Before founding PGP Inc, Zimmermann was a software engineer with more than 20 years of experience, specializing in cryptography and data security, data communications, and real-time embedded systems. His interest in the political side of cryptography grew out of his background in military policy issues.

Zimmermann has received numerous technical and humanitarian awards for his pioneering work in cryptography. In 2003 he was included on the Heinz Nixdorf MuseumsForum Wall of Fame, and in 2001 he was inducted into the CRN Industry Hall of Fame. In 2000 InfoWorld named him one of the Top 10 Innovators in E-business. In 1999 he received the Louis Brandeis Award from Privacy International, in 1998 a Lifetime Achievement Award from Secure Computing Magazine, and in 1996 the Norbert Wiener Award from Computer Professionals for Social Responsibility for promoting the responsible use of technology. He also received the 1995 Chrysler Award for Innovation in Design, the 1995 Pioneer Award from the Electronic Frontier Foundation, the 1996 PC Week IT Excellence Award, and the 1996 Network Computing Well-Connected Award for "Best Security Product." PGP was selected by Information Week as one of the Top 10 Most Important Products of 1994. In 1995 Newsweek named Zimmermann one of the "Net 50", the 50 most influential people on the Internet.

In addition to the awards for versions of PGP developed before Zimmermann started a company, subsequent versions of PGP as refined by the company's engineering team continue to be recognized each year with many more industry awards.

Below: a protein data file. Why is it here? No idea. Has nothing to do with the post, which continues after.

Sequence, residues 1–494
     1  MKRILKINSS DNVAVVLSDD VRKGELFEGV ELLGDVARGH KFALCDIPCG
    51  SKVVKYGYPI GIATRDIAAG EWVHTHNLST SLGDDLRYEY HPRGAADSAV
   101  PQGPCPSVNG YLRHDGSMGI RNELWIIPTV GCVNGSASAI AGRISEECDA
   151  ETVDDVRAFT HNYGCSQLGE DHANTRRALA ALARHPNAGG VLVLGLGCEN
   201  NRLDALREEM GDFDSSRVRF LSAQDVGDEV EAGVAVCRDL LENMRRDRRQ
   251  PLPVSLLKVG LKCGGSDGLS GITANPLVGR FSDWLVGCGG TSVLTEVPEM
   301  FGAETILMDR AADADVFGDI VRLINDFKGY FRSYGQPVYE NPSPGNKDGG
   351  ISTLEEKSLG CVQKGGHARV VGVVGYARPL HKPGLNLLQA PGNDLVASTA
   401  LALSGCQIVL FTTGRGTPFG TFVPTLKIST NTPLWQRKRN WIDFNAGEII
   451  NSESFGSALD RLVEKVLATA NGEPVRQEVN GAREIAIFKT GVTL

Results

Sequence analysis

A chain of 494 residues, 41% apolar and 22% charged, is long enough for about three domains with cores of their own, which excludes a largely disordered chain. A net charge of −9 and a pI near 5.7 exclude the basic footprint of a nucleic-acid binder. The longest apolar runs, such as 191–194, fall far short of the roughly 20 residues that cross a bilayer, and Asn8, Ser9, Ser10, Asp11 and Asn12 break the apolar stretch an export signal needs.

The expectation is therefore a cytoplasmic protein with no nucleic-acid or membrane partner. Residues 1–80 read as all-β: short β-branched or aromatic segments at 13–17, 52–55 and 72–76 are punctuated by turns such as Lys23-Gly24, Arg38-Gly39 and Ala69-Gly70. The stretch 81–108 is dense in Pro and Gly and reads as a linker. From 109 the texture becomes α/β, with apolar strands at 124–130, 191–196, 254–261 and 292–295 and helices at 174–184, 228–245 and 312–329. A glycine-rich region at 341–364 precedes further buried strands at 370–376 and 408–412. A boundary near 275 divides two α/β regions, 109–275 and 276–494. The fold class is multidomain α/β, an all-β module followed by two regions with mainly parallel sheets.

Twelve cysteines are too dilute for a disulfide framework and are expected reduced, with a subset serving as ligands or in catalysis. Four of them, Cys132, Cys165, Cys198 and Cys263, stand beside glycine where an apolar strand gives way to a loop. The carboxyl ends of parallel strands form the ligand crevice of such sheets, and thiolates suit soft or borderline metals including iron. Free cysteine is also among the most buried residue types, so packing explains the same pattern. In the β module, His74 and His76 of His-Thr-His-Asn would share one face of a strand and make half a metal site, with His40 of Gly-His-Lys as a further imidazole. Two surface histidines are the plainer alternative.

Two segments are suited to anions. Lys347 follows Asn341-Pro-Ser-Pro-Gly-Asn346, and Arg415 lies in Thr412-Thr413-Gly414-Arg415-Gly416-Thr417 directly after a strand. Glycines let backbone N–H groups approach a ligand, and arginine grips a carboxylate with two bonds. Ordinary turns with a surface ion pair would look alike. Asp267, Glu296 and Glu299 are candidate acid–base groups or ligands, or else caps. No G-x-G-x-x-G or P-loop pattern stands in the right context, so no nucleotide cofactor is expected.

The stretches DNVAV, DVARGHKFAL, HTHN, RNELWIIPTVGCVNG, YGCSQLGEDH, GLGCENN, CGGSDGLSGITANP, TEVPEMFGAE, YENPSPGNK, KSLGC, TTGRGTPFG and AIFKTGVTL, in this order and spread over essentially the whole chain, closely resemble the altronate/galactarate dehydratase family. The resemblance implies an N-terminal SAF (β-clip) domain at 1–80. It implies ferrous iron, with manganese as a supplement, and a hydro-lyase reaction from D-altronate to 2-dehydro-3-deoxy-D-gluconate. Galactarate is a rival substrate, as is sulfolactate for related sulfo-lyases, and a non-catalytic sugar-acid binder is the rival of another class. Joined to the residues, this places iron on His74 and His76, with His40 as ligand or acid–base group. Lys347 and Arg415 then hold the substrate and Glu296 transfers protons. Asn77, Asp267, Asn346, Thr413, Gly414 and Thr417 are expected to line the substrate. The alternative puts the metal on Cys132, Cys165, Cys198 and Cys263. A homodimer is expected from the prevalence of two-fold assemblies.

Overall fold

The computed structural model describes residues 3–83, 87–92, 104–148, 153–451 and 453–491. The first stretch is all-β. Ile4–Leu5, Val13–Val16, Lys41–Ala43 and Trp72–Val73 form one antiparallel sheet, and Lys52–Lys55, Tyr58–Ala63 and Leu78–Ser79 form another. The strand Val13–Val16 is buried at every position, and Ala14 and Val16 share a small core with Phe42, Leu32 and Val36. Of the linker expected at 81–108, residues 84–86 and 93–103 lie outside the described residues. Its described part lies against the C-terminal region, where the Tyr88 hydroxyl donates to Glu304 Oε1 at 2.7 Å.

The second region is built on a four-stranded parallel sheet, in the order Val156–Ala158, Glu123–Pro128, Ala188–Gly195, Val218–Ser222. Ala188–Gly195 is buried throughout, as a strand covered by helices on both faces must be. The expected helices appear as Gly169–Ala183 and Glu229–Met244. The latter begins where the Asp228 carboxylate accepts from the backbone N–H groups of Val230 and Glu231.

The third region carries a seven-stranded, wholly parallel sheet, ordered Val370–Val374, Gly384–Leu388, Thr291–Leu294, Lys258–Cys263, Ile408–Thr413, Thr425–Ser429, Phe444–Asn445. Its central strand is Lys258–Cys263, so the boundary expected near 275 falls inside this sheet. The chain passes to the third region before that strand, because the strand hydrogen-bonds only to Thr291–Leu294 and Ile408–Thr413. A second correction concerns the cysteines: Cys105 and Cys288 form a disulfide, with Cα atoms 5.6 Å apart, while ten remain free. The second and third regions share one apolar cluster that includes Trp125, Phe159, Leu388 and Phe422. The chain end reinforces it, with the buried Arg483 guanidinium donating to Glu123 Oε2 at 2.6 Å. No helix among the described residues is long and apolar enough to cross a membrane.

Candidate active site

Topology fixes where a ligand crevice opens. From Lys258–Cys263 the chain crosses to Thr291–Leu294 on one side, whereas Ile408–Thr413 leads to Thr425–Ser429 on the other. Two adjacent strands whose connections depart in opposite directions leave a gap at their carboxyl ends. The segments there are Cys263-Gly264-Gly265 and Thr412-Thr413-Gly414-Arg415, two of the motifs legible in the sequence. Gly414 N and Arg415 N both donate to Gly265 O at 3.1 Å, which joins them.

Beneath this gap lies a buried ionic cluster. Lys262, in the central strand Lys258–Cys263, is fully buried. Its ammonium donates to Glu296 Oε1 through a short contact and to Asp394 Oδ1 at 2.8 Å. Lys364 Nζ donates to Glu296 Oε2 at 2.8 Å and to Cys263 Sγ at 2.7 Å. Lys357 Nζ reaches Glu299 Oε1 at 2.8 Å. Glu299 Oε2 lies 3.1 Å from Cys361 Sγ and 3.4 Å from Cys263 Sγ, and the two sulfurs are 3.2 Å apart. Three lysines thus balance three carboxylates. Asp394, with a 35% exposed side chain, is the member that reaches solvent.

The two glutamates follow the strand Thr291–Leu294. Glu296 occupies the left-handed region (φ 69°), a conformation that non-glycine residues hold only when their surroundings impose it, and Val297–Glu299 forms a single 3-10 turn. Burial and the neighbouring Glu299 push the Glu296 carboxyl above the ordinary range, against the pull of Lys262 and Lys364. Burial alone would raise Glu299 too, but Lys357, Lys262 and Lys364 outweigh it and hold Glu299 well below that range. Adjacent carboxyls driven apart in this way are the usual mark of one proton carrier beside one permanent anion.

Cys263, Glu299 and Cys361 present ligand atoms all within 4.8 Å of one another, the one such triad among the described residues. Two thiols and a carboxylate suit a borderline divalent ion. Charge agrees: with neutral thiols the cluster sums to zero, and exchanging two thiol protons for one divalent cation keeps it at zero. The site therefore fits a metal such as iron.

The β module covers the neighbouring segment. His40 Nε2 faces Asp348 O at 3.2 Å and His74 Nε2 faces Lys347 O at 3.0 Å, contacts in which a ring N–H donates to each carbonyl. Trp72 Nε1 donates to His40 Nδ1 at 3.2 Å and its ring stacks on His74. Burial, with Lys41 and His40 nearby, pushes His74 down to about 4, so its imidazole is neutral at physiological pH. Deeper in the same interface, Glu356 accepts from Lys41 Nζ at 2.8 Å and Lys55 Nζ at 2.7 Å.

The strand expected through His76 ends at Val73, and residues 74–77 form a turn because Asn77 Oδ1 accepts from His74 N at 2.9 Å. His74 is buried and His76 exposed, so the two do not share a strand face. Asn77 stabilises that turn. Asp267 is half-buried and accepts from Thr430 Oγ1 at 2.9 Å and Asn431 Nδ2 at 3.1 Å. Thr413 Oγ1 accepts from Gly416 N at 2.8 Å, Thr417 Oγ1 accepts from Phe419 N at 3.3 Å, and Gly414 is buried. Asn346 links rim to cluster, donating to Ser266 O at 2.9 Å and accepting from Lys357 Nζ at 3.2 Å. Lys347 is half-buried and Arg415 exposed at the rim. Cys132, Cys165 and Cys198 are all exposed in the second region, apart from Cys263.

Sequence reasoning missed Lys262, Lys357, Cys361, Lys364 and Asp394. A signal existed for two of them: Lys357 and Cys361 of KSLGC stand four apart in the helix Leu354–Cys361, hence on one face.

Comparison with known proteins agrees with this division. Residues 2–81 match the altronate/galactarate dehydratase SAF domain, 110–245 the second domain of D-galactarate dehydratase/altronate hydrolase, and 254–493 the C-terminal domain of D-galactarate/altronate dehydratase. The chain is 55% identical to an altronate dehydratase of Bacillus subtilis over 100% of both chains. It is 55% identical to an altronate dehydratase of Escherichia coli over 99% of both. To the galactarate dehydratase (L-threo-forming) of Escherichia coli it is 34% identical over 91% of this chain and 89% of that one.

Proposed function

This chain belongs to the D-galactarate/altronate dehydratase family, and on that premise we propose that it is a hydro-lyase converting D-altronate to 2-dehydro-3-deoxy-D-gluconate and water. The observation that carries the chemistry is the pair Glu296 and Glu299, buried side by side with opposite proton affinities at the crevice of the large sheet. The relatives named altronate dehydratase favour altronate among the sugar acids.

Zimmermann received his bachelor's degree in computer science from Florida Atlantic University in 1978. He is a member of the International Association of Cryptologic Research, the Association for Computing Machinery, and the League for Programming Freedom. He serves on the Roundtable on Scientific Communication and National Security, a collaborative project of The National Academies and The Center for Strategic and International Studies. He is Chairman of the OpenPGP Alliance, serves on the Board of Directors for Computer Professionals for Social Responsibility, and is on the Advisory Boards for Santa Clara University's Computer Engineering Department,, Hush Communications, Encentuate, and Qualys.


Snoopy - freier Consultant, Autor und Hofnarr

Nach dem Studium an der Universität London im Fach Computer Science und Computer Information Systems arbeitete Snoopy in diversen Unternehmen als System- und Netzwerk-Administrator und Hardware-Entwickler. Davon war er 12 Jahre bei der iXOS Software AG tätig. Danach sammelte er Erfahrungen in der Computer-Spiele-Branche und arbeitet seit mehreren Jahren als freier Consultant, Autor und Hofnarr.


Stefan Strobel

Stefan Strobel ist Geschäftsführer der cirosec GmbH. Er verfügt über langjährige Erfahrungen in der Beratung großer Firmen mit sehr hohem Sicherheitsbedarf und in der Erstellung von Konzepten und Policies. Neben seiner Tätigkeit ist er Dozent an Berufsakademien und an der Fachhochschule Heilbronn, hält Vorträge auf Fachkongressen und ist Autor verschiedener Fachbücher, die in mehreren Sprachen erschienen sind.


Tobias Klein

Tobias Klein ist als mehrfacher Buchautor und Referent auf diversen Kongressen bekannt. Seit Juli 2002 arbeitet er als IT-Sicherheitsberater bei der Firma cirosec GmbH. Seine Schwerpunkte liegen in den Bereichen Sicherheitsüberprüfungen, Secure Application Environments, sichere Programmierung und Software-Schwachstellen. Des Weiteren ist er Autor des 2001 beim dpunkt.Verlag erschienenen Fachbuches Linux-Sicherheit – Security mit Security mit Open-Source-Software – Grundlagen und Praxis und des Buches "Buffer-Overflow- und Format-String-Schwachstellen, welches 2003 beim dpunkt.Verlag erschienen ist.